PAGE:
John McFadyean (1853-1941) graduated from the Edinburgh veterinary school in 1876 and from the Edinburgh Medical School in 1882. He developed an interest in bacteriology as a student and after graduation as a trained scientist, he promoted integrating subjects such as the microbiological sciences including pathology, virology and bacteriology into the veterinary medicine curriculum. McFaydean had a 30-year tenure as Principal of the London school beginning in 1894. He raised the admissions bar comparable to that of British law and medical schools and instituted a 4-year degree program. According to Wilkinson (1992, p. 87), “At home McFadyean’s reforms gradually removed the negative attitudes which had plagued the relationship between the medical and veterinary professions until they could meet on equal terms as true collaborators in the healing professions.”

McFadyean continued his own research while Principal and founded The Journal of Comparative Pathology and Therapeutics in 1888 over which he had complete editorial control. The journal has maintained its excellent reputation since McFaydean's time and continues to publish scientific articles. He believed that educational reform including introducing science into the curriculum would, over time, position the profession favourably to meet the demands of a changing marketplace: in this he was aligned with Professor John Share Jones from the Liverpool Veterinary School (founded in 1904). However, they differed on the means to reach their goals - McFaydean sought to maintain the segregated education system exemplified by the London school while Share Jones promoted integrating veterinary schools with universities as experienced by the Liverpool school and Liverpool University. Liverpool was the only veterinary school integrated with a university until after WWII (Kraft, 2004, p. 317). Both men had their supporters, because the profession was divided on the amount and pace of educational reform necessary to reach its goals. McFadyean’s The Anatomy of the Horse: a Dissection Guide, 1909, is in the Rosen collection.

“At home McFadyean’s reforms gradually removed the negative attitudes which had plagued the relationship between the medical and veterinary professions until they could meet on equal terms as true collaborators in the healing professions” Wilkinson (1992, p. 87).

Frederick G.T. Hobday (1870-1932) became Principal of the Royal Veterinary College in 1927 at a time when the College was in physical and educational disrepair. Hobday was a sociable fellow who promoted a positive atmosphere among the students and faculty, and upgraded the quality of the curriculum of the College. He increased public awareness of the College and engaged in fundraising activities in an effort to gather sufficient finances to renovate or replace several aging College buildings. In 1937, he was forced to retire by the school’s governors just as the revitalization of the College’s buildings was to begin with funding that Hobday had secured. Frederick Hobday was also a successful clinician and researcher in addition to his educational role and is discussed in the Veterinary Researchers section.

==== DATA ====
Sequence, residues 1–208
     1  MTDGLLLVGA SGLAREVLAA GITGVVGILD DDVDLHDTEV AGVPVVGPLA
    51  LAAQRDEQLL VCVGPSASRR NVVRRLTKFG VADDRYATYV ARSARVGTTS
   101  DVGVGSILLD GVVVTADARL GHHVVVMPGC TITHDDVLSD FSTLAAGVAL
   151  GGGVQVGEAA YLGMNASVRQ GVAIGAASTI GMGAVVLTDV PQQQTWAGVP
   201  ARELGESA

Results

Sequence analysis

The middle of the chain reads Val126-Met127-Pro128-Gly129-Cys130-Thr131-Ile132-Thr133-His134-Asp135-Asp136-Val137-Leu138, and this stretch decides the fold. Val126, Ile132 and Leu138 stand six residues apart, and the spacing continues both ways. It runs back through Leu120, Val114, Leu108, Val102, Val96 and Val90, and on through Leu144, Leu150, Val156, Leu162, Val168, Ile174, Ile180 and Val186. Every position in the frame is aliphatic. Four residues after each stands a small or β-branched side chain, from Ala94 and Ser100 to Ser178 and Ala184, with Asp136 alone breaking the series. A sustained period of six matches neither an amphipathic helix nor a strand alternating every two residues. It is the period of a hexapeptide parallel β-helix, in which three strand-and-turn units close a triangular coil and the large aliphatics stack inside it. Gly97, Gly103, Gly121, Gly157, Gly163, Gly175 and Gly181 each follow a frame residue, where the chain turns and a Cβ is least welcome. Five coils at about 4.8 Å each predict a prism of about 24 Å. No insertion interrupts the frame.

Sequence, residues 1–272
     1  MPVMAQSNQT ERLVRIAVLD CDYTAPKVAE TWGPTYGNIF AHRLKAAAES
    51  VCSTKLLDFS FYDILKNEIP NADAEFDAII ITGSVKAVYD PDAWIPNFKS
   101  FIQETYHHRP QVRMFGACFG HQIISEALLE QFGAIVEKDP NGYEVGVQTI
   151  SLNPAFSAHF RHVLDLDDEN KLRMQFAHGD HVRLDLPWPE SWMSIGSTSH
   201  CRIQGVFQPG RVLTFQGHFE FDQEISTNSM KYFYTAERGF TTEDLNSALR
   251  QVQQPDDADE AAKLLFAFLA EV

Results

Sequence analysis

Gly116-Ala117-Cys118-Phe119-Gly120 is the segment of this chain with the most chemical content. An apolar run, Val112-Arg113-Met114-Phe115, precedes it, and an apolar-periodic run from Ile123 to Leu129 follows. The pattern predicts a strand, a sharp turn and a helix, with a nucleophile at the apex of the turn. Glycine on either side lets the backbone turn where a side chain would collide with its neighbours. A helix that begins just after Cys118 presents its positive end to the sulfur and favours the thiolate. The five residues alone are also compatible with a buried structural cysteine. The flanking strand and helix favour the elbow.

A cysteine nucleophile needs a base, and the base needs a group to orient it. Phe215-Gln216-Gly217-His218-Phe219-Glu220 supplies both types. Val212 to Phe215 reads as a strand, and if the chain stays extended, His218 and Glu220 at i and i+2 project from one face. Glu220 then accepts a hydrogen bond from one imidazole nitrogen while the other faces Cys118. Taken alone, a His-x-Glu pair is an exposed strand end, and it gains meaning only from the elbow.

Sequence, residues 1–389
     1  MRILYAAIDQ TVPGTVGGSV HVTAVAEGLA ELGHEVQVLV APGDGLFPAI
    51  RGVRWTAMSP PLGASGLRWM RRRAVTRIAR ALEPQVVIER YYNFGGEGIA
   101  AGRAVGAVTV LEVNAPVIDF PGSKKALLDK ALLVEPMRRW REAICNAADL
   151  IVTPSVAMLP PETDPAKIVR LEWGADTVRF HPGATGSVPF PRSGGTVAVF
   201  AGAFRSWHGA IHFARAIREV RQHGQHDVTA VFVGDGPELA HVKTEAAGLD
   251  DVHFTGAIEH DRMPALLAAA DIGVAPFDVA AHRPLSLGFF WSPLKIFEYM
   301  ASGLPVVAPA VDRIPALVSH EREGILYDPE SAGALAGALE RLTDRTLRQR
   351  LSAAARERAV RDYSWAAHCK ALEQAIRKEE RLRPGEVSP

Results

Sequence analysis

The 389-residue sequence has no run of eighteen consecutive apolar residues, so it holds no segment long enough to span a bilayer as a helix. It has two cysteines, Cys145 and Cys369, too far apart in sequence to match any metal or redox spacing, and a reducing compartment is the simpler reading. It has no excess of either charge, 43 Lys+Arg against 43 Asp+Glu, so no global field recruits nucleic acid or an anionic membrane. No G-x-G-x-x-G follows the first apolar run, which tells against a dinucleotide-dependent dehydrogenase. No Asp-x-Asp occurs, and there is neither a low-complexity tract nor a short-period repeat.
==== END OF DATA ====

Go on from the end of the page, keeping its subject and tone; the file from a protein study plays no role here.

Scotland and Ireland
For a few years in the 1800s in Britain there were three veterinary schools in Scotland and one in England. Scotland had advocates in education in several talented practitioners including James Clark, and veterinary surgeons William Dick, John Stewart and John Gamgee who each contributed to a lasting legacy that advanced veterinary education in Britain. The Edinburgh Veterinary College was founded by William Dick in 1821. John Gamgee opened the New Edinburgh Veterinary College in 1858. John McCall opened the Glasgow Veterinary College on Buccleuch Street in 1862 which produced its first graduates in 1865. Renamed the University of Glasgow School of Veterinary Medicine, the college continues to train and graduate veterinarians. In 1900, the veterinary school in Dublin opened.

James Clark (173?-1808) is remembered in veterinary history as an early promoter of veterinary education as well as being considered the Father of Veterinary Hygiene. He trained as a farrier and later graduated from the University of Edinburgh after taking courses in human and comparative anatomy. In 1790 he wrote to the Odiham Agricultural Society with a proposal for a veterinary school in Edinburgh, but his effort was preceded by that of Sainbel promoting a school in London. He continued to speak out about an Edinburgh school although he never committed his own funds to its founding. James Clark is recognized as an outstanding scientific writer as well as an educator. Several of Clark’s works in the Rosen collection are described in the Biographies section.